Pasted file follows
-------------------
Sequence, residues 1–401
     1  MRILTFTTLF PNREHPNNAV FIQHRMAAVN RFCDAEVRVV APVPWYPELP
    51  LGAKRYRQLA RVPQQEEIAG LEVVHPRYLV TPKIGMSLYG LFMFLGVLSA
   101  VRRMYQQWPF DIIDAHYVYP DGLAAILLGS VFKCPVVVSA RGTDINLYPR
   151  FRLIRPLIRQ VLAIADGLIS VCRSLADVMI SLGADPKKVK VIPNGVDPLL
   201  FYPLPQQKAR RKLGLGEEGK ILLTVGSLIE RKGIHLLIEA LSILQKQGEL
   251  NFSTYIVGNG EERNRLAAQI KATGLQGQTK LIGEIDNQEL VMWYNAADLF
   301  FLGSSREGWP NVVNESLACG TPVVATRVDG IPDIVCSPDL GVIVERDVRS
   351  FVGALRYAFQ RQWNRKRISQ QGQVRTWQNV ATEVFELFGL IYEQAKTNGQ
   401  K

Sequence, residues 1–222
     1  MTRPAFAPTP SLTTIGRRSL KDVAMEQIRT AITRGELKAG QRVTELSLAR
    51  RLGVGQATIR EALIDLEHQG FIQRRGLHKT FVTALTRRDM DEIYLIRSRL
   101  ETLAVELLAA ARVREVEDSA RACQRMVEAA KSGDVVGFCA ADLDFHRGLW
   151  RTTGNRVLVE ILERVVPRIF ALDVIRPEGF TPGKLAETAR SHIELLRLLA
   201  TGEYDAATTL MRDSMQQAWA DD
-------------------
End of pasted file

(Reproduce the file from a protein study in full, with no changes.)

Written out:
Sequence, residues 1–401
     1  MRILTFTTLF PNREHPNNAV FIQHRMAAVN RFCDAEVRVV APVPWYPELP
    51  LGAKRYRQLA RVPQQEEIAG LEVVHPRYLV TPKIGMSLYG LFMFLGVLSA
   101  VRRMYQQWPF DIIDAHYVYP DGLAAILLGS VFKCPVVVSA RGTDINLYPR
   151  FRLIRPLIRQ VLAIADGLIS VCRSLADVMI SLGADPKKVK VIPNGVDPLL
   201  FYPLPQQKAR RKLGLGEEGK ILLTVGSLIE RKGIHLLIEA LSILQKQGEL
   251  NFSTYIVGNG EERNRLAAQI KATGLQGQTK LIGEIDNQEL VMWYNAADLF
   301  FLGSSREGWP NVVNESLACG TPVVATRVDG IPDIVCSPDL GVIVERDVRS
   351  FVGALRYAFQ RQWNRKRISQ QGQVRTWQNV ATEVFELFGL IYEQAKTNGQ
   401  K

Sequence, residues 1–222
     1  MTRPAFAPTP SLTTIGRRSL KDVAMEQIRT AITRGELKAG QRVTELSLAR
    51  RLGVGQATIR EALIDLEHQG FIQRRGLHKT FVTALTRRDM DEIYLIRSRL
   101  ETLAVELLAA ARVREVEDSA RACQRMVEAA KSGDVVGFCA ADLDFHRGLW
   151  RTTGNRVLVE ILERVVPRIF ALDVIRPEGF TPGKLAETAR SHIELLRLLA
   201  TGEYDAATTL MRDSMQQAWA DD